Best Overall Concessions — While I really enjoy Citi Field, Amalie Arena, and Miami’s American-Airlines Arena, Petco Park has emerged as my clear overall favorite because of the sheer number of quality offerings that make me really ponder my decision. The aroma at Phil’s BBQ always pulls me in, but the fish tacos from Blue Water Seafood Market, burgers at Hodad’s and the very tasty Cardiff tri-tip sandwich or tri-tip nachos from Seaside Market are always delectable. If this wasn’t enough, the Craft Row has enough quality selections to wash down whatever you choose to consume. The weather is great and you can bring your dog to every game.

Scott Marshall, chief hospitality officer at the Padres and the person responsible for managing the Delaware North relationship, describes the Petco Park culinary philosophy as “creating a true San Diego neighborhood feel throughout the ballpark where our fans have already developed tremendous dining experiences and deep personal relationships with all of our amazing branded partners. We want our fans to walk in and say ‘Wow, the Padres have (fill-in-the-blank) at Petco Park.’”

Premium — This category has a runaway winner. The Legends Club at Yankee Stadium has far and away the best selection, quality and service I have experienced in a premium-seating area. A seafood buffet with king crab and lobster tails, sushi, carving stations, fresh pasta, a bakery, gelato and a variety of other options with white table cloth service and a great wine selection. It can be argued that due to the cost of the seats there is more financial allocation to the food items and service — and that is fair — but the presentation, delivery and consistency are there to support the food quality and selection. This place is on par with many of the fine restaurants in New York.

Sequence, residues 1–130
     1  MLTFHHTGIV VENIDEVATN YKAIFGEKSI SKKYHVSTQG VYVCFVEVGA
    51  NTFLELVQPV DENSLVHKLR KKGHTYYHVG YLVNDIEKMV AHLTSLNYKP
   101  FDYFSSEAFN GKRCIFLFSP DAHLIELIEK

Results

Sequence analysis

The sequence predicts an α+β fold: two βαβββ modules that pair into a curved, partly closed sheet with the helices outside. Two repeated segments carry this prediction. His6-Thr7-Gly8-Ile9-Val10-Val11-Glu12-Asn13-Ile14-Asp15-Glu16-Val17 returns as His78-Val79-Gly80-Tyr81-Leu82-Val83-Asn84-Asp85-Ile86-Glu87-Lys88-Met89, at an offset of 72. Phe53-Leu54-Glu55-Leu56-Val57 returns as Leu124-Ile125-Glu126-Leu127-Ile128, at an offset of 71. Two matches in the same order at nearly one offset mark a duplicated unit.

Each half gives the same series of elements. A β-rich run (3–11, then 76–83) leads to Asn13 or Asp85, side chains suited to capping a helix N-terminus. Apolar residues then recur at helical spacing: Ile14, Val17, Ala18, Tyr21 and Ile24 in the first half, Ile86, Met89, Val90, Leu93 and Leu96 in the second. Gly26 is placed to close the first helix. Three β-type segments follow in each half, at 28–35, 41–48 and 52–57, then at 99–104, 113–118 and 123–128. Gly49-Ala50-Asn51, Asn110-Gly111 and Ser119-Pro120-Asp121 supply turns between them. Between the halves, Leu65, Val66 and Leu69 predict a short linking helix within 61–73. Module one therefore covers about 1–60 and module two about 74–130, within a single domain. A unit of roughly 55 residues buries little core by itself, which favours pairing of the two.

The Legends Club at Yankee Stadium (left) has seafood for days and leads the pack for premium food and top-notch service.
Photo: Jennifer Bozzelli / Legends Hospitality

Here are some other observations I have made about concessions at sports venues:

Local branded foods — My favorite concept is at Petco Park. They offer visitors a local sampling and it satisfies locals by being consistent, no-surprises comfort food. The key is finding the proper mix with non-branded food provided by the concessionaire.

Pay for Quality vs. Arthur Blank pricing. Whatever we wind up calling the pricing model that Blank has installed at Mercedes-Benz Stadium in Atlanta, he has proved that consumers are enticed by the opportunity he is providing — for example, paying the same price for a Chick-fil-A sandwich at the arena as they would at the local restaurant. I have always been willing to pay a higher price for a quality food item, and in the ideal F&B venue, you would offer both pricing options, along with family-sized (and priced) options. I believe the tipping point here is making F&B purchases planned rather than an impulse buy, and when that happens revenue increases. 

Couponing, sampling and special discounts — I have always wondered why couponing and sampling are not common practices in sport venues. Couponing can be used to encourage trial and drive traffic to locations around the stadium that would not normally get as many customers.

Apologies to cities and venues I haven’t visited and I promise to continue to be a food explorer. As my close friends will tell you, I don’t eat to live — I live to eat.

Bill Sutton (wsutton1@usf.edu) is the founding director of the sport and entertainment business management MBA at the University of South Florida and principal of Bill Sutton & Associates. Follow him on Twitter @Sutton_ImpactU.